Last updated on November 4, 2021
It’s the time of the school day everyone looks forward to (no not the end of classes): lunch! It’s a great time to socialize with friends who you may not have classes with, along with a much-needed energy boost to get you through the last few classes of the day. Just as you’re salivating for a grilled cheese with tomato soup or a delicious golden curry prepared by the hard-working Northwest School kitchen, you step outside and realize that the lunch line stretches around the block, and you can’t grab a bite at Pagliacci’s or a nearby store across the street. With no choice, you reluctantly get in line and by the time you sit down at your designated lunch location, you have ten minutes to gobble up your now lukewarm curry before heading to class. Unfortunately, this is the situation all too many Northwest School students and faculty have to deal with on a daily basis under the new COVID safety protocols for the dining hall.
While the school has made their best efforts to speed up the lunch process, like adding more self-serve options to lunch, the line can still reach extensive lengths, creating extra hassle for both students and teachers. Additionally, the complex schedule surrounding the lunch period has students feeling lost as to where to go and at what time. Lunch may be a small part of the day, but it has wide-ranging effects for students and faculty alike as they need to function with energy throughout the day.
Like everywhere else, COVID has sent shockwaves throughout the Northwest School as we’ve attempted to adapt rapidly to the ever-changing situation. At first, classes went online, and the building was deserted by students for almost a year. Given this, the food program was put on hold until the fall of 2020, when the kitchen started delivering meals to Northwest families. The kitchen also provided meals to our boarding students, some of whom still remained on campus throughout the pandemic. Last spring the cafeteria welcomed back 70% of its faculty into school, as the dining program prepared meals for in-person school for the first time in a year. Now, the cafeteria is serving food to 40 dorm students and the entire Northwest School community this fall, but all this change doesn’t come without a few hitches along the way.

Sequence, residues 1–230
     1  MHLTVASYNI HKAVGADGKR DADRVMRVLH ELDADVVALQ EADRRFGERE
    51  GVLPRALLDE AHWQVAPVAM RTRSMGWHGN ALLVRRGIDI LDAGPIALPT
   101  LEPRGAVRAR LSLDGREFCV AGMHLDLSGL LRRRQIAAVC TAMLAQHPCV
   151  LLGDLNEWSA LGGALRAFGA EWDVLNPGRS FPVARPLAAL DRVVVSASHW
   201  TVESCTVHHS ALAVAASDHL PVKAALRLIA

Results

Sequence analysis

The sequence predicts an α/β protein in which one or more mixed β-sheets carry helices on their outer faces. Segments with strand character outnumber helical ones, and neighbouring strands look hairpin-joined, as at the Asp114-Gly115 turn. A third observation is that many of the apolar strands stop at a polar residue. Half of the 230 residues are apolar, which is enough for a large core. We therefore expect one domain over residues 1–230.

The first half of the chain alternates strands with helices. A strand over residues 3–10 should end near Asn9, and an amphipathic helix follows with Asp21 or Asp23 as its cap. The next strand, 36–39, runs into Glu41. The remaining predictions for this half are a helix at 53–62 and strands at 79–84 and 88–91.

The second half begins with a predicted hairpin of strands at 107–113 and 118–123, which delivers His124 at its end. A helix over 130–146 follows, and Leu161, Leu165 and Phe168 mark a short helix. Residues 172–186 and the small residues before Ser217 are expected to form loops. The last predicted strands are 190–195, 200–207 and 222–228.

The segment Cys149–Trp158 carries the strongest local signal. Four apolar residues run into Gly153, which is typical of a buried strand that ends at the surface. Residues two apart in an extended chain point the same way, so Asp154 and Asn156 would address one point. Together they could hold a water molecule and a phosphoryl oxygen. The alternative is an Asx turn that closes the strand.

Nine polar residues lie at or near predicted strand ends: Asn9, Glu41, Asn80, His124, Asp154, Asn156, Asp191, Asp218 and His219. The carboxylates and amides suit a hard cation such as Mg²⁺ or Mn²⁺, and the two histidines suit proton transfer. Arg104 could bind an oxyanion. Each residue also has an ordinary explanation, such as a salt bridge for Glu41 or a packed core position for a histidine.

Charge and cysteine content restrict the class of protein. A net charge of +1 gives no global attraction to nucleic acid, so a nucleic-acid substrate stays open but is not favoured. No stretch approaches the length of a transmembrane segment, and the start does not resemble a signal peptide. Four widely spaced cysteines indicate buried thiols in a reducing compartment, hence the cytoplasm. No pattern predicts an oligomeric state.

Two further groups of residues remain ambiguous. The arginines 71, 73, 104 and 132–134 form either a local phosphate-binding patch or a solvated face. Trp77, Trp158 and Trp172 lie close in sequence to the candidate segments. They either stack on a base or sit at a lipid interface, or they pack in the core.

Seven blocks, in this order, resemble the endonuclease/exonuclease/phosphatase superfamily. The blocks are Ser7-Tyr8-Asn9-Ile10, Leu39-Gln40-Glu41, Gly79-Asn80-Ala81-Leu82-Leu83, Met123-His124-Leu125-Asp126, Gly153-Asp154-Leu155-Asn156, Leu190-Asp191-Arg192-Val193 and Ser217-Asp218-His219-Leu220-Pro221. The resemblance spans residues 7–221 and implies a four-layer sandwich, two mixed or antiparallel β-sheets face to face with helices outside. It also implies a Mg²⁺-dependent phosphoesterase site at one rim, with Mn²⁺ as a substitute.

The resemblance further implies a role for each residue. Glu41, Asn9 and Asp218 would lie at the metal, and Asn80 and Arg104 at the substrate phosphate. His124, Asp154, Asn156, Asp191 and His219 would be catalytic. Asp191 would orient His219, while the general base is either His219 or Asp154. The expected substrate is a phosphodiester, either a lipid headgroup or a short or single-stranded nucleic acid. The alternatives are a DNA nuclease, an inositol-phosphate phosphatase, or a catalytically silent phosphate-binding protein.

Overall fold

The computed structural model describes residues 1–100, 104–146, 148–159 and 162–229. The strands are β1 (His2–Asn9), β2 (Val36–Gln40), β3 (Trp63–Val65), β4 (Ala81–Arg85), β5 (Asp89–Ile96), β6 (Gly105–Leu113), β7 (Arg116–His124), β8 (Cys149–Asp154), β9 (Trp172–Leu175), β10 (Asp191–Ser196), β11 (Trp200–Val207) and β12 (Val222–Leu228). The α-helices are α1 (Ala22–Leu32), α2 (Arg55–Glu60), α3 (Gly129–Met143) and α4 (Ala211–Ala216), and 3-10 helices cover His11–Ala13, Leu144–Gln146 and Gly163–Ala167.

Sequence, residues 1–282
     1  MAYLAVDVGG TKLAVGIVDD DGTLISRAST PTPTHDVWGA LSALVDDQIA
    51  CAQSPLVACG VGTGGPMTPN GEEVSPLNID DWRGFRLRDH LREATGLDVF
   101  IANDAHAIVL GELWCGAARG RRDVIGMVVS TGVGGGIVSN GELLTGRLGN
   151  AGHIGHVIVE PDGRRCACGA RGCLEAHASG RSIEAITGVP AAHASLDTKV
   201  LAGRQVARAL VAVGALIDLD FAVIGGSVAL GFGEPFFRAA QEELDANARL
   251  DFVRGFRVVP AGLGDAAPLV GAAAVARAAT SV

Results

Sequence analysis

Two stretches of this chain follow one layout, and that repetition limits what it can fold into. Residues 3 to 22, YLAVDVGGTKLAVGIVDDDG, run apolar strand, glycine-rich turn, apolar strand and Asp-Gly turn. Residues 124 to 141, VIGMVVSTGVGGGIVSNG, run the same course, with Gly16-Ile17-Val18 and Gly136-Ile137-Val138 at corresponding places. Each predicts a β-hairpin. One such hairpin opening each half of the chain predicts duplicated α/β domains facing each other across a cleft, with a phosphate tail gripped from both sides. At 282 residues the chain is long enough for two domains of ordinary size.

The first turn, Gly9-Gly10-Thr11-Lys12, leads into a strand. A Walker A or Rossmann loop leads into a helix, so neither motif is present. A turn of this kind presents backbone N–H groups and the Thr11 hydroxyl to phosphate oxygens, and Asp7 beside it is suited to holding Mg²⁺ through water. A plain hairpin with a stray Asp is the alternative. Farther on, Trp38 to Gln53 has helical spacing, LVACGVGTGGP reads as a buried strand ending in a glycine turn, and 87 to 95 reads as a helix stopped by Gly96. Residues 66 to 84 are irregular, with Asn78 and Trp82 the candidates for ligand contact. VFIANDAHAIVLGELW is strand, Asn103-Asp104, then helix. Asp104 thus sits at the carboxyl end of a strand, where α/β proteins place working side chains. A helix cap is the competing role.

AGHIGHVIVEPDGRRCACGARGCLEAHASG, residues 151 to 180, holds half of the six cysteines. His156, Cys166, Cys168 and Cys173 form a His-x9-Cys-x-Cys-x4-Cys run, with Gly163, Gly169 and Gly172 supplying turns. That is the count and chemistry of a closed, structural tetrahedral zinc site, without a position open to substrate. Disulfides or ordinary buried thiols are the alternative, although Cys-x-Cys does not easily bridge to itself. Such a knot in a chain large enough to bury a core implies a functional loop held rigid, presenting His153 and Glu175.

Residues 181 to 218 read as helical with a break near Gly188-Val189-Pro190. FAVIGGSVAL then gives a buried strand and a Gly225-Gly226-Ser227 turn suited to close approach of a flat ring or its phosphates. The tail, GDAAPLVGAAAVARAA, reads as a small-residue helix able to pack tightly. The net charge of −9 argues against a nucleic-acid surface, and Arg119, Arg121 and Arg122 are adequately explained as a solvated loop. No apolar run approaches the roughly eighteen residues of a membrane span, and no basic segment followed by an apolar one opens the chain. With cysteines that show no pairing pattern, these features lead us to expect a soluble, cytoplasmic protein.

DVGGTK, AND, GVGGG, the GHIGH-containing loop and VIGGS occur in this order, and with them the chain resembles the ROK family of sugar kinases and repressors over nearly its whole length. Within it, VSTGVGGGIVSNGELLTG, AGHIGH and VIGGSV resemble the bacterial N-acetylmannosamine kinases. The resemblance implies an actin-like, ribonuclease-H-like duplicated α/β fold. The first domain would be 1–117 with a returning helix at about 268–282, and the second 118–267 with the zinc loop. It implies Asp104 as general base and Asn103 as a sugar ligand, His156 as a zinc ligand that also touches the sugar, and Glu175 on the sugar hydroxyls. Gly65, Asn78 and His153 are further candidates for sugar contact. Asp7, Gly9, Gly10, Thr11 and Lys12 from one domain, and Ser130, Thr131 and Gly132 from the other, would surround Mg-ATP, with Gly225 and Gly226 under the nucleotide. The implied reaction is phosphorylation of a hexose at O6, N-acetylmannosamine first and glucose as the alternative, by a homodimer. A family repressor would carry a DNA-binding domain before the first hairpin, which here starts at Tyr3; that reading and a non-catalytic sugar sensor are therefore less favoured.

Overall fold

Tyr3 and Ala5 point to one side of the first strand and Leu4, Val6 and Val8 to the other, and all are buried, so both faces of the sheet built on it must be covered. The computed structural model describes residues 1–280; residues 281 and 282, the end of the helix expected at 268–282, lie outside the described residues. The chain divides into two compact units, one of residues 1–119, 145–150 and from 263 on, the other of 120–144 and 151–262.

As mentioned, long lines have plagued the dining program these first few weeks, occasionally stretching around the block and cutting down on the limited free time students and faculty have in the day. Realizing this, the Northwest kitchen, headed by Bethany Fong, has implemented two notable changes to its procedure that aim to speed up the lunch service time. I had the chance to talk to Bethany, the Director of Food Services at Northwest, about these changes. Additionally she gave me some very interesting statistics about the dining room.
The first change was setting up self-serve stations so that, paired with the kitchen posting the lunch schedule ahead of time, students who didn’t want a hot meal that day could pass on the line, and students who checked the menu ahead of lunch knew what they wanted to eat. Another change the dining room faculty made was delivering meals to the 6th grade on the West Court, in turn decreasing the lunch line by a grade. Along with this, the school has staggered lunch times for students and faculty to decrease the amount of people lining up for lunch at a single given time. One fascinating statistic Bethany was kind enough to tell me was that before the changes were implemented on September 20th, the kitchen staff timed the average amount of time it takes a person to be given food and the time came out to 5.3 seconds per person, and while that may not seem like a long time, with roughly 200 people coming in at a time, it would take around 18 minutes to serve everyone. She added that with the new self-service station and the lack of 6th graders in the cafeteria, the time has shrunken by a few minutes, though the relatively long lines are here to stay for the time being due to the influx of people they are feeding every day.